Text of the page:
Local traditions and culture in Uganda

  • Local Customs
    by CatherineReichardt
  • Local Customs
    by CatherineReichardt
  • Local Customs
    by muguruki

Most Viewed Local Customs in Uganda

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    Matoke

    by grets Written Sep 2, 2004

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    There are 7-8 different species of banana here in Uganda, the most common being the plantain-like vegetable called matoke. Plantains are more starchy than sweet and must be cooked before being eaten. They are a staple crop in much of Africa, and are served boiled, steamed, baked, or fried. Robert explained that Uganda also have another plantain called njamonja, the very sweet ggonja, red bananas, finger bananas called ndzi, the large yellow mbite and the big boyoya. Bananas are grown by small-scale farmers who rely on their 'backyard' banana plots to sustain them through times of hardship, when coffee or cocoa prices fall or when annual crops such as beans or maize fail. Ecologically speaking, banana plants help to protect fragile soils from erosion, particularly in densely populated areas with high rainfall. In Uganda, bananas provide the staple for more than 2/3 of the population - the annual consumption reaches over 400 kg per person. As well as providing a staple food, the sales of these bananas in the urban areas provide an income for the largely rural population of the country. Uganda grows and eats 11 million tons of plantains each year, making them the world’s largest producer, although plantain production is now on a decline due to the increase of fast-spreading diseases and declining soil fertility. The plantains are transported on heavy lorries to distribution points, then continue on the back of a bicycle to the sales stalls. Often we see a small child pushing a large bike up a steep hill with a huge bunch of bananas hanging from each side as well as two bunches on the back.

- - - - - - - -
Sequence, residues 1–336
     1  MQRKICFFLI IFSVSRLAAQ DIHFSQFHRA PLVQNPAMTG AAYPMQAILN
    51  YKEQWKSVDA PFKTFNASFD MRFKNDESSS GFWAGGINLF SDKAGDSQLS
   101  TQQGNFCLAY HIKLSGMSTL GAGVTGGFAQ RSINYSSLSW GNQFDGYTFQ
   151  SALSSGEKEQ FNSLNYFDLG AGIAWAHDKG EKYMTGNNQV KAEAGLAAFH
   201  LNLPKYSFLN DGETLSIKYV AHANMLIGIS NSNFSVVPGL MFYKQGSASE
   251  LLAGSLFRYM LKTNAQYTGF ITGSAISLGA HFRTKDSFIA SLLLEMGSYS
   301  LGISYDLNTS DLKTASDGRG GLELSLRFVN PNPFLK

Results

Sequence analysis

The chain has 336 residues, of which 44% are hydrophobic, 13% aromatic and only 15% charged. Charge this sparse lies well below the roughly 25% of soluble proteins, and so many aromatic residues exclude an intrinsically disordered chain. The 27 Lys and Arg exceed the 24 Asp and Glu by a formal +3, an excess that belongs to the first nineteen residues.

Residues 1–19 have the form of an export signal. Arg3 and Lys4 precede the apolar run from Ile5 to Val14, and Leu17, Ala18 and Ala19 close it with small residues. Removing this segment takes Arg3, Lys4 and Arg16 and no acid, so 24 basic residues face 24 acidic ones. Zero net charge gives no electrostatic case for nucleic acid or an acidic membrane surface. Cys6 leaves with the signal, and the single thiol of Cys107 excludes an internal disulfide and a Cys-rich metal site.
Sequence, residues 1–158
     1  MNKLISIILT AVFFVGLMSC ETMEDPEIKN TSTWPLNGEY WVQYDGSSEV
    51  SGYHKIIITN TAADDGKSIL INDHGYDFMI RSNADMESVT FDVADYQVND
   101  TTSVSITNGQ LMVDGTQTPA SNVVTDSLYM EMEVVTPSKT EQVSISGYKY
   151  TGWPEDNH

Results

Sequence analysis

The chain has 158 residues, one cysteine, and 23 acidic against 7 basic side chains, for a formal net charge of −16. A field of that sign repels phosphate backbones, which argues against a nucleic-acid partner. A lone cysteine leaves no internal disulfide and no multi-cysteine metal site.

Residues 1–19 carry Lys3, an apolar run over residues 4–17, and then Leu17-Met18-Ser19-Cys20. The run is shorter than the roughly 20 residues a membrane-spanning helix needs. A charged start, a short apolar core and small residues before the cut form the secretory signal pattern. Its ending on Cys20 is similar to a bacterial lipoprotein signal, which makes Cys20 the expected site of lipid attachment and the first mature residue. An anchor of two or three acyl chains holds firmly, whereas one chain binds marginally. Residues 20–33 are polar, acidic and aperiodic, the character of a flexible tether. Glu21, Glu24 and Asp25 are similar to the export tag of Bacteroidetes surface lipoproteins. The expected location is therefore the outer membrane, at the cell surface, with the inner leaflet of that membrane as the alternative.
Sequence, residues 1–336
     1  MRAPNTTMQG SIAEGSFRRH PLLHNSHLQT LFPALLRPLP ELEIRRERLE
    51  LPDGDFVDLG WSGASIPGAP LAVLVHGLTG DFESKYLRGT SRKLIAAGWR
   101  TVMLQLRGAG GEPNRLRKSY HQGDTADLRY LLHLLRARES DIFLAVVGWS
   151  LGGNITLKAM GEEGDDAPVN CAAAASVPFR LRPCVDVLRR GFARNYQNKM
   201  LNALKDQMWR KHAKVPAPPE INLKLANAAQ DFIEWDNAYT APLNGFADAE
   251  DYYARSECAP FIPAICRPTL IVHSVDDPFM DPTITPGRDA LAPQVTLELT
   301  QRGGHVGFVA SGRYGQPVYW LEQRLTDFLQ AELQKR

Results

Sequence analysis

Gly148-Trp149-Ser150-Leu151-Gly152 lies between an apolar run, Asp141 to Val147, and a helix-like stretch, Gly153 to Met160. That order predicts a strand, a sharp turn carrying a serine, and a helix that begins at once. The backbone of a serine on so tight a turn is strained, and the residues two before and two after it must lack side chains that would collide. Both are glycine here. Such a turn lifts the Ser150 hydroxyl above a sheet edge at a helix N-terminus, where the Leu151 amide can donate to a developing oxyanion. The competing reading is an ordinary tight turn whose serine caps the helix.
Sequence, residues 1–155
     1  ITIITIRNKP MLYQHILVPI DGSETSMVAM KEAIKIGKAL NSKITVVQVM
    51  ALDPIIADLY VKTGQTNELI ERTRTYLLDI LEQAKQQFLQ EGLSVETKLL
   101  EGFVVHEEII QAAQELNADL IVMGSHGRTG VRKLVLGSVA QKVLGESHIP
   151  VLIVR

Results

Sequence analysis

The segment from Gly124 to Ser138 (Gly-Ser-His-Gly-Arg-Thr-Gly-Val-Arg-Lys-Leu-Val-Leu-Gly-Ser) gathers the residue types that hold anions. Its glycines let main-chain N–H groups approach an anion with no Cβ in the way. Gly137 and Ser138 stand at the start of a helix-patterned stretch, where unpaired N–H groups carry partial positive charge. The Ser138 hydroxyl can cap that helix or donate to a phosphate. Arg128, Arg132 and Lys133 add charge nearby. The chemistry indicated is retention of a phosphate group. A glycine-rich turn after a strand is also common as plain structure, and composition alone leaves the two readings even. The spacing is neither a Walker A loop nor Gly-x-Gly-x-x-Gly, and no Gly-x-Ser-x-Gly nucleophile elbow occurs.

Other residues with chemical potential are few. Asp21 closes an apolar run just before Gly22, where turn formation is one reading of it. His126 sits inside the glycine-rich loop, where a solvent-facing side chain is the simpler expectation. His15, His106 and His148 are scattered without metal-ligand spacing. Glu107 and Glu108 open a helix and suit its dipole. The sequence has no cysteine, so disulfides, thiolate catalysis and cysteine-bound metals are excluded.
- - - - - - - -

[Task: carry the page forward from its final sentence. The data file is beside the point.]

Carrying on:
Bananas

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    Kneeling instead of Bowing

    by suubi Written Jan 28, 2004